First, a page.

Industry leader NVIDIA has stepped into the cloud gaming market with the announcement of GeForce GRID. Put simply, the company’s award-winning graphics cards have been redesigned to fit into a cloud-based server, meaning that video games are delivered to you on demand, just like films and other video content. You don’t need any dedicated hardware or any special connections, and you don’t need to wait for downloads or installing endless updates: Just plug in, open a browser and play.
Now that’s a simple overview, but the technology behind it is pretty slick, too. Phil reassures us that the GeForce GRID GPUs have all the same impressive gaming features as the standard GeForce release, with a few key inclusions to improve their cloudy capabilities.
To start things off, the video is being provided through an advanced on-chip H.264 encoder, supporting remote displays (obviously!), and optimised specifically for wide area networking. There’s also an ultra-fast frame buffer and render target capture APIs to reduce latency, and the multi-GPU boards are passively cooled, for efficient cooling as well as high-game density in each data center.
Combine all of these things and you’ve got a pretty awesome, low-latency, super-efficient rendering system which means video games can be hosted in a remote data centre and played on any display device which features an H.264 decoder. That means it’s not just TVs, but also PCs, tablets, smartphones and iOS devices.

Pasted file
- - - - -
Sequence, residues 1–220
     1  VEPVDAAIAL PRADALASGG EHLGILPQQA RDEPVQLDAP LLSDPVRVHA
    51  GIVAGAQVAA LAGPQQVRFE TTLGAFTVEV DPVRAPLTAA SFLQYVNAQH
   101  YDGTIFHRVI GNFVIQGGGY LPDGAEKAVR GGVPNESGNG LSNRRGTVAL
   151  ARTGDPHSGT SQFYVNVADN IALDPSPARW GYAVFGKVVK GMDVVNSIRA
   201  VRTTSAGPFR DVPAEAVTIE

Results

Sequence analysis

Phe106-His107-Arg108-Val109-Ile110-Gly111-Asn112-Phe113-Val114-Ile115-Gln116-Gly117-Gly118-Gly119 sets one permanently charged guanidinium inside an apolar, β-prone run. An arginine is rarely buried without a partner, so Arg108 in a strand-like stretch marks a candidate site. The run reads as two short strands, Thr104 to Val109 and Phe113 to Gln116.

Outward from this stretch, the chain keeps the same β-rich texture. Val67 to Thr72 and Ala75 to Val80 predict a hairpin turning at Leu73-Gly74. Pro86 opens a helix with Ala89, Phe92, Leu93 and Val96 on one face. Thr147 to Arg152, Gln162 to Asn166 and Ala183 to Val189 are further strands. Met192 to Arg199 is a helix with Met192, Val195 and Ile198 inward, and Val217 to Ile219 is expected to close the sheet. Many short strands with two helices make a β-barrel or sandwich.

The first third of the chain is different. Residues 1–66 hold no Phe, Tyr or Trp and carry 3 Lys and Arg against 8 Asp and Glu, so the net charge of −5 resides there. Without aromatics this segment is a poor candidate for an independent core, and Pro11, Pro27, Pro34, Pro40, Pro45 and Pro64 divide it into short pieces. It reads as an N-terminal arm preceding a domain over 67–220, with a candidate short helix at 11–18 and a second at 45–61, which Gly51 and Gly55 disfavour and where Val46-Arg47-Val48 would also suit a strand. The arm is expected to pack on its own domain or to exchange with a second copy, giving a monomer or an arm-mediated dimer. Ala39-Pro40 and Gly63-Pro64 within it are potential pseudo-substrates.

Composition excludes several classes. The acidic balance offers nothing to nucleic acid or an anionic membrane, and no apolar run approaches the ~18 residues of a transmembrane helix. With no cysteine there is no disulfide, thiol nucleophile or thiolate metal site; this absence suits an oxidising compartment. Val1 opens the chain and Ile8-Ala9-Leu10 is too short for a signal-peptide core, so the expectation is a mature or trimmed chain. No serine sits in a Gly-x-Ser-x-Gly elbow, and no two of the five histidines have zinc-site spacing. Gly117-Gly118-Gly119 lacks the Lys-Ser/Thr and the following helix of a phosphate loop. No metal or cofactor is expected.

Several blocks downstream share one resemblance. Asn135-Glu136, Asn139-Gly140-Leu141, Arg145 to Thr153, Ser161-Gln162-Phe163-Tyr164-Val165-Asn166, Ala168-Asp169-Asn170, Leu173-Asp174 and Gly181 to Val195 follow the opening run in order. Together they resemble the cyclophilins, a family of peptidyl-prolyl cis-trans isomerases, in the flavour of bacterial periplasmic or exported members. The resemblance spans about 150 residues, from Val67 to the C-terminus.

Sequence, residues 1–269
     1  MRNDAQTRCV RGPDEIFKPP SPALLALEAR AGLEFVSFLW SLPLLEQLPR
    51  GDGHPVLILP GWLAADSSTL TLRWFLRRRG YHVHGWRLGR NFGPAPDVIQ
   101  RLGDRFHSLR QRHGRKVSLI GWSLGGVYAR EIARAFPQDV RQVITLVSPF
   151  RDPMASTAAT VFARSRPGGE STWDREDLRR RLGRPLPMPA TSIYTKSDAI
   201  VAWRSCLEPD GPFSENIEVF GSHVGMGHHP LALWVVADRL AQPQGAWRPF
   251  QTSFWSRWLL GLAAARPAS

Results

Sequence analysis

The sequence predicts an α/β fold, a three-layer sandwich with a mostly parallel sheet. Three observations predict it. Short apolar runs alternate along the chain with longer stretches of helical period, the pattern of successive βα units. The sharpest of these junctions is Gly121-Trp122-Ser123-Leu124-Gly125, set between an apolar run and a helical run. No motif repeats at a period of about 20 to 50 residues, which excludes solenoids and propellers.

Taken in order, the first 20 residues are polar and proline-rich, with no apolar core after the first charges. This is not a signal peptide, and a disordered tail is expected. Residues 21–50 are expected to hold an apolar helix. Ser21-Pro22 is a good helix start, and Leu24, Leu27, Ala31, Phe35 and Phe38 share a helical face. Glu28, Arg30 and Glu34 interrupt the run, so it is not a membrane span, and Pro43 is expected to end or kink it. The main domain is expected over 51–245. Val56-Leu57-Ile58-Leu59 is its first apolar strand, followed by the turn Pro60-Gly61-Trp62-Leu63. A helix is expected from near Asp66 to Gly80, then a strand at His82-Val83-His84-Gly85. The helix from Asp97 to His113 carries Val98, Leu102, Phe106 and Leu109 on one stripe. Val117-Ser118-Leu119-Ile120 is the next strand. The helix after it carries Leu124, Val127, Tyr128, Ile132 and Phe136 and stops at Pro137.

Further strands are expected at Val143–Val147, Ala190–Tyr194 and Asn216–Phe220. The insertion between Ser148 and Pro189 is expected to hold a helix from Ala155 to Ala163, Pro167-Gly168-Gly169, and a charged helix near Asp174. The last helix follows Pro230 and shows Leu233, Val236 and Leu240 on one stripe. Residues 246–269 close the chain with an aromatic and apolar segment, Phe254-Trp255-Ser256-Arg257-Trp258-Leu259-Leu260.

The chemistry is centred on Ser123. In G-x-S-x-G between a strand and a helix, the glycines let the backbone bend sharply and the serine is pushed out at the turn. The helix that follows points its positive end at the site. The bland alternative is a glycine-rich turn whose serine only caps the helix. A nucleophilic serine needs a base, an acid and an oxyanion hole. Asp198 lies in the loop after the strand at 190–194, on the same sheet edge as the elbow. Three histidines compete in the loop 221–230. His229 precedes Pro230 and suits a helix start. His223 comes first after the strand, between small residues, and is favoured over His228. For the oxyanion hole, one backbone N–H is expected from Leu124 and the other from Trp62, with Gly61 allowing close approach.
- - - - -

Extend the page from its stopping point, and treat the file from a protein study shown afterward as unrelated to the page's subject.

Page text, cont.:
Want to know the numbers? Playing games at 720p30Hz on a 5Mbps connection, you can get latency as low as 150 milliseconds playing on a GeForce GRID server. In comparison, that’s very similar to what you’d get playing a console game on your television over HDMI – but your Xbox doesn’t come with GeForce functionality!
Launched in late May, GeForce GRID has already attracted some big names: Gearbox Software, Epic Games, Lucasarts, THQ, Capcom and CCP are just a handful of the companies who are supporting the new service. At present, there are more than 400 PC game titles released which use the new system. In fact, in the background of our interview, you can see snippets of Meteor Entertainment‘s Hawken, being played from a data centre somewhere else in California.
To its credit, NVIDIA acknowledges that this cloud-based solution is not for everybody. The dreaded hardcore gamer will still want to do everything themselves, running a GeForce board in their own, customised PC.
But if these gamers want to play their beloved PC titles on a different device, perhaps on the big screen in the living room (or on the small screen in your pocket), GeForce GRID brings the goods. It’s also perfectly suited for more casual gamers who play games in slightly lower resolutions and who don’t demand super-fast twitch reflexes. (In fact, MMO titles like World of Warcraft and Star Wars: The Old Republic have been specifically designed to handle high latency, so your next raid might just be on your television!)
Cloud gaming is still a new technology, and companies like Gaikai are still working through a few teething problems (mainly dealing with latency over large distances), but it’s great to see NVIDIA raising the bar. GeForce GRID is not technically a gaming service, but as the platform behind gaming services, it’s set to revolutionise the industry. Is dedicated PC gaming a thing of the past?